Originally published in Anathema, an anarchist publication from Philadelphia, the following interview talks about the realities of the Brooklyn Center riot that kicked off in the wake of the police murder of Daunte Wright in the spring of 2021.
This interview was conducted two months ago, which was already two months after the events this spring in Brooklyn Center, Minnesota. The riot in Brooklyn Center took place in the context of the Derek Chauvin trial, almost a year after he murdered George Floyd. This interview was an attempt to reflect on one participant’s experience of the events in Brooklyn Center and consider what they tell us about how things might unfold in the future. For many of us, the George Floyd uprising has weighed heavily on our minds as we try to imagine next steps to take. What became clear to me in this interview was that between the George Floyd uprising and the Brooklyn Center riot — despite the direct influence and geographic proximity — was an expanse.
Although the Brooklyn Center riot was an outgrowth of the George Floyd uprising, it was also a reminder that the previous summer’s events would not be repeated. Now, after a relatively quiet summer, it seems all the more important to be looking toward the future rather than fixating our gaze on last summer’s uprising. In this interview, we explore some of the developments and unique characteristics of uprisings in the aftermath of the George Floyd uprising.
You were in Brooklyn Center in April. Can you describe what happened?
Yes, there was a police murder: Daunte Wright, 20 years old. He was basically trying to flee the scene where he got stopped. There was two nights of rioting — I am going to say rioting. Some people want to say “it’s not a riot, it’s a rebellion.” I am just going to say it was a riot.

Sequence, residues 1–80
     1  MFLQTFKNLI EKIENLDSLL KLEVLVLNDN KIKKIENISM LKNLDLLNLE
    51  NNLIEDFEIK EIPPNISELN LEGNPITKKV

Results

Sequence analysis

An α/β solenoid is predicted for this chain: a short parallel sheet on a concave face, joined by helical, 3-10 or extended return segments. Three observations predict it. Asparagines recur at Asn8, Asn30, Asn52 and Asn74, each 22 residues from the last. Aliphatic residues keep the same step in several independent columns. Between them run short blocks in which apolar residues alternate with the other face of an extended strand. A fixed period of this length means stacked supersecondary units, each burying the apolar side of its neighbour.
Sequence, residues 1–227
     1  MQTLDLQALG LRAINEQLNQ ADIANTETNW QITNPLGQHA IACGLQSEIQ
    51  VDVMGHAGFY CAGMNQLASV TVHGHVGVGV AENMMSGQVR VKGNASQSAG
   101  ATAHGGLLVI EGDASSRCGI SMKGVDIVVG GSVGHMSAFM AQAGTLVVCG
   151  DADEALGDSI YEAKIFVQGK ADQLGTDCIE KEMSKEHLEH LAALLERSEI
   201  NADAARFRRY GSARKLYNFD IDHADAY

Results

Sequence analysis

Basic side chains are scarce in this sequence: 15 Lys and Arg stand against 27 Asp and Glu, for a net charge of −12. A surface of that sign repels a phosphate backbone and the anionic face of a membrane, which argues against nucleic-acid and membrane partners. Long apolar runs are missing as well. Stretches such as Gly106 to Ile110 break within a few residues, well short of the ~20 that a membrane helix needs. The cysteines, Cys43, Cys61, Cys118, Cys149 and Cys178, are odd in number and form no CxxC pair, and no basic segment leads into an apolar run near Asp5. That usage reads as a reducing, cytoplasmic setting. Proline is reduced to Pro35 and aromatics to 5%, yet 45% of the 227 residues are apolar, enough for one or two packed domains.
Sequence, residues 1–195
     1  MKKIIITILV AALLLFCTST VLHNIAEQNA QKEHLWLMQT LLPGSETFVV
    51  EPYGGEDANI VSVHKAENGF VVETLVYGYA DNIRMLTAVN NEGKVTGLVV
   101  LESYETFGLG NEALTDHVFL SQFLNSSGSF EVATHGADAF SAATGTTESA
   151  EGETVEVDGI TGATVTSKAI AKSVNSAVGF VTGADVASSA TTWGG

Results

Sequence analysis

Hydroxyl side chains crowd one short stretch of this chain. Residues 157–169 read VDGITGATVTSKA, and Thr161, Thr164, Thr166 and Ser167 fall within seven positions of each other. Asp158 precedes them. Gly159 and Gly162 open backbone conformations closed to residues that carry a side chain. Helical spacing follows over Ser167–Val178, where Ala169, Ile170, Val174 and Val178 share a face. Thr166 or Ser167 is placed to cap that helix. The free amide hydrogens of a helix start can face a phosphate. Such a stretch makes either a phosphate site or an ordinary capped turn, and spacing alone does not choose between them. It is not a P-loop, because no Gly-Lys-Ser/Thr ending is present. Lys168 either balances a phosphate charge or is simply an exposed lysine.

People were throwing stuff at the cops. There was looting by car in the Brooklyn Center area, also in Minneapolis and surrounding suburbs. The first night the neighboring police station got shot up; someone shot the front doors of it. Someone else shot at a cop — maybe 3 days after it started.
All throughout people were calling for the burning down of the police precinct (that was the focal point of the riot). They never succeeded. People tried. The police set up a gate. It was similar to what happened in Portland at the courthouse. But they didn’t actually breach the gate.
After the first two days of looting, arson, street fighting, and property destruction, there was basically a week of confrontational protests in front of the police precinct. Continue reading “USA: Looking Critically at the Brooklyn Center Riot – An Interview from Anathema”